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Severance Payment Plan Can Put Jobless Benefits on Hold

November 05, 2001

Question: The company I work for has advised all employees that some of us will be laid off because of a restructuring. The severance package will include one month of pay per year of service to a maximum of 18 months.

We were told we can draw this severance pay all at once or take it on a month-to-month basis.

How will this affect unemployment benefits? I was told you cannot collect unemployment until the severance pay runs out, even if you take it all at one time.

--E.O., Chatsworth

Answer: Because unemployment compensation was created to help replace the wages of people who have lost jobs, you might not be entitled to this compensation while receiving severance pay.

Some employers even regard the date of your last severance payment as your final day of employment, even though you might have stopped working long before.

You improve your chances of receiving unemployment compensation sooner if you take the severance pay all at once. Your case would be even stronger if part of the severance amount is for non-wage items, such as compensation in exchange for your agreement to waive claims you might have against the company for discrimination or other issues.

By receiving a lump-sum payment, you avoid the possibility that the company might stop payments prematurely because of financial problems. An immediate payment also provides money for your own financial needs, such as investing in further education or a job search.

There are some advantages to stretching out severance payments, however. Your tax burden might be less if the payments are extended into another tax year. Your health insurance or pension plan contributions also might be continued for the duration of your severance payments.

You should consult with your attorney before negotiating the terms of any substantial severance pay arrangement, especially if your employer also seeks a release of your rights.

Don D. Sessions

Employee rights attorney

Mission Viejo

Firm Not Required to Have Drinking Water

Q: At the fast-food restaurant where I work, my boss recently removed the water fountain, saying he needed the space for storage shelves. We now have no access to drinking water.

Is this legal?

--R.T., Los Angeles

A: An employer is not required to provide employees with water or food. However, an employer would be well advised to provide for basic necessities such as drinking water to keep employee morale at a reasonable level.

Michael A. Hood

Employment law attorney

Paul, Hastings, Janofsky & Walker

Layoff May Be Allowed During Medical Leave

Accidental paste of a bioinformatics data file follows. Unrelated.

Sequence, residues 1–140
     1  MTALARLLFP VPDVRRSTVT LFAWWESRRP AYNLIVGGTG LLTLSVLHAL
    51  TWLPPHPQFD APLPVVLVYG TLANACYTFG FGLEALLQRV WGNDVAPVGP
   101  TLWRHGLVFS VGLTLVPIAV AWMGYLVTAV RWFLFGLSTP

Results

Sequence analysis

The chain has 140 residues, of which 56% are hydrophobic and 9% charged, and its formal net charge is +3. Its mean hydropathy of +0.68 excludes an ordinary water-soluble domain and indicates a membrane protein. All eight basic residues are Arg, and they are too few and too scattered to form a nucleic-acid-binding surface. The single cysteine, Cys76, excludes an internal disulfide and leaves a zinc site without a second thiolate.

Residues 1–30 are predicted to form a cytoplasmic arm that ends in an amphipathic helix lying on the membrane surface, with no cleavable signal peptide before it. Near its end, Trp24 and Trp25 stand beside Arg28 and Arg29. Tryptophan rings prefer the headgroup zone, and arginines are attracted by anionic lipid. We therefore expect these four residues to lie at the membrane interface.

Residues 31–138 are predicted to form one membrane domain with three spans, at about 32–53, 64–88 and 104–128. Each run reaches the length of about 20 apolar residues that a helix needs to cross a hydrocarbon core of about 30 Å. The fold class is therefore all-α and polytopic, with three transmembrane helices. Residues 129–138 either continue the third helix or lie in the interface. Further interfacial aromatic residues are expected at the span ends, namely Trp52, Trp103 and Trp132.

Q: If I am under a doctor's care and have not been cleared to work, can I be laid off?

S.A., Orange

A: It is difficult to answer your question with the limited facts you have provided. As a general rule, an employer may not discriminate against an employee who has a disability or who has suffered a work-related injury.

In addition, depending on the size of your employer, your length of service with the employer and the nature of your illness, you may be eligible to take a family and medical leave and return to your old job once your doctor releases you.

However, the family and medical leave laws apply only to employers with 50 or more employees within 75 miles of the place where you work. To qualify, you also must have a serious health condition as defined in the laws and have worked for the employer for at least a year.

Under the discrimination laws, your employer must reasonably accommodate your disability. This term often has been interpreted to include providing an unpaid leave of absence.

However, even if you are protected under these laws, your employer may still be entitled to lay you off if it would have done so had you been working. In other words, if the business of the company has changed such that it has become necessary to eliminate the position you occupy, the company would be within its rights to lay you off.

If you believe that the decision to lay you off is motivated by the fact that you are under a doctor's care, I recommend you contact the California Department of Fair Employment and Housing or the federal Equal Employment Opportunity Commission and describe your circumstances. They can help you determine whether you have been treated illegally.

Diane J. Crumpacker

Management law attorney

Fried, Bird & Crumpacker

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If you have a question about an on-the-job situation, please mail it to Shop Talk, Los Angeles Times, P.O. Box 2008, Costa Mesa, CA 92626; dictate it to (714) 966-7873, or e-mail it to shoptalk@latimes.com. Include your initials and hometown. The Shop Talk column is designed to answer questions of general interest. It should not be construed as legal advice. Recent Shop Talk columns are available at www.latimes.com/shoptalk.

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